3. Stress and Anxiety

dog inside crate
Image Credit: Pxhere

A dog that is feeling quite stressed or is suffering from separation anxiety could be pooping in the crate as a reaction to that stress. If your dog does appear anxious and upset when you leave, they might become distraught enough to defecate. It’s almost an involuntary act. It could also just be a reaction to being placed in the confined space of the crate to begin with.

You’ll need to work toward making your dog more comfortable in the crate. Figure out what makes your dog happy. Leaving the TV on or playing music while you’re out can help, as can favorite toys, puzzle games, and calming aids that can keep your dog occupied and feel less anxious while you’re out.

4. Improperly Sized Crate

Crates that are too large can actually be a bad thing. Crates need to be big enough for your dog to be able to stand up fully without stooping, turn around, and fully lie down with their legs out, but it should be no bigger than that.

It might seem more logical to give your dog plenty of space, but that gives them enough room to not technically poop where they sleep. This detail is even more important when you’re housebreaking a puppy or retraining a rescue.

5. Gastrointestinal Issues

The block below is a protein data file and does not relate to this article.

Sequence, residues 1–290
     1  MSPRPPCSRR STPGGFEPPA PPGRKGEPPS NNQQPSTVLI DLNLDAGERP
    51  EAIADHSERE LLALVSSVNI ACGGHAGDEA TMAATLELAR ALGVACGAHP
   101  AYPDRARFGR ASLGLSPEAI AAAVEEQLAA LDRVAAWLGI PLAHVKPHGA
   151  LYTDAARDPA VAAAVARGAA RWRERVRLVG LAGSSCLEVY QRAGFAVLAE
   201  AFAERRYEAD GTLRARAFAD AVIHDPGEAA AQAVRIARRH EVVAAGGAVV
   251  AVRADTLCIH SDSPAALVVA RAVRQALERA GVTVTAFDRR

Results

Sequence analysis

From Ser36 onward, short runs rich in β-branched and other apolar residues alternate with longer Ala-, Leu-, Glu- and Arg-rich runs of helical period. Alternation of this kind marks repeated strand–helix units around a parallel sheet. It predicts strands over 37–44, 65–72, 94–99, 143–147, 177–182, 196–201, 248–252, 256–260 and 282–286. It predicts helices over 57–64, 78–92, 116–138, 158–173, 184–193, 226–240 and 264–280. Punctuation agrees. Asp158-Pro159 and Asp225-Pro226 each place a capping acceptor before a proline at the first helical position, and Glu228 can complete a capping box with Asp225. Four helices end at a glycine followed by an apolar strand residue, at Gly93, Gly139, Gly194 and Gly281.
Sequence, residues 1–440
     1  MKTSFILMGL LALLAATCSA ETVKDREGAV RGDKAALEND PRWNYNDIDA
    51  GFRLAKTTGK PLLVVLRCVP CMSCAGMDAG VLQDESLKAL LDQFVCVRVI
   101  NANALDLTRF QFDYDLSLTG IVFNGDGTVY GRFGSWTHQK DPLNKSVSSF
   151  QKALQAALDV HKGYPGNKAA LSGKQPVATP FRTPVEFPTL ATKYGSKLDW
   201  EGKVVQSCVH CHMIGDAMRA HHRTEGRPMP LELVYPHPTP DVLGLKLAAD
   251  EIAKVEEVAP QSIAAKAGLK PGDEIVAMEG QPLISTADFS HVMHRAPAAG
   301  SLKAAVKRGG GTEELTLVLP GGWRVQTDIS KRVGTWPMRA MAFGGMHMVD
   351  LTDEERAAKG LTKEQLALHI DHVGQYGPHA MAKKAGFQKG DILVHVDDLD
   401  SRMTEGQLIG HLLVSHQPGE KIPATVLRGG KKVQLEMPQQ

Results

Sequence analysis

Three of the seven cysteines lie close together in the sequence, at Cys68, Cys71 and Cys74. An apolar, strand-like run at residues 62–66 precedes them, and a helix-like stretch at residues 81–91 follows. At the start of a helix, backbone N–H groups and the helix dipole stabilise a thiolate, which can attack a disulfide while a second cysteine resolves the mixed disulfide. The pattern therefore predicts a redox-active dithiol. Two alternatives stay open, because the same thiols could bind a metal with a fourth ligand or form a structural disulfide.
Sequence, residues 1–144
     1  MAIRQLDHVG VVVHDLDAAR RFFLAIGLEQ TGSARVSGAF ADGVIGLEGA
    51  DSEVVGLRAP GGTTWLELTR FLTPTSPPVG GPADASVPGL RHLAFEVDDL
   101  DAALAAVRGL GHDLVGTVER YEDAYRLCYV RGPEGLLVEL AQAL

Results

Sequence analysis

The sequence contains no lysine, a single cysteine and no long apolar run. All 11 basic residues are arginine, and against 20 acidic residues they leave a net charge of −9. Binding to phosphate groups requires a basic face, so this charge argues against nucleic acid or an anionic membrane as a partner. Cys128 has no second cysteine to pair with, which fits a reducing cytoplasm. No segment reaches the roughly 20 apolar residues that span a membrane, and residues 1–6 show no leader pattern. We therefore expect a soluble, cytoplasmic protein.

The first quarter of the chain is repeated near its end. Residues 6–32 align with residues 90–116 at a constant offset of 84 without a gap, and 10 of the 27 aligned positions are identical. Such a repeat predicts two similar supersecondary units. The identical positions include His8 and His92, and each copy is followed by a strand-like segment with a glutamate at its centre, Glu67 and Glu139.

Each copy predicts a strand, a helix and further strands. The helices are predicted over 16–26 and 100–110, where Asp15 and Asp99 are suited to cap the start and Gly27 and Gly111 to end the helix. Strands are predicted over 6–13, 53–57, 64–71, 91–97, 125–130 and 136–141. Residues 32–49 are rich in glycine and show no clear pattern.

dog in crate thinking
Image Credit: PourquoiPas, Pixabay

If the poop is smelly and runny and your dog has other stomach problems, it could be inflammatory bowel disease or digestive issues. Dogs can be allergic to several different foods, but among the most typical are certain meats, with chicken being the most common.

See your vet if you suspect that your dog might be having gastrointestinal problems. You’ll usually need to make a change in their diet or even put them on a limited ingredient diet, in some cases.

6. Physical Injury or Trauma

When a dog has suffered an injury or some kind of trauma, they can sometimes lose control of their bowels and/or sphincter. This means many more accidents may happen in the crate.

There is no real fix here other than time for healing. But you’ll need to take your dog to the vet for follow-up checkups to ensure that everything is healing up properly. Treatment will depend on the injury and underlying cause.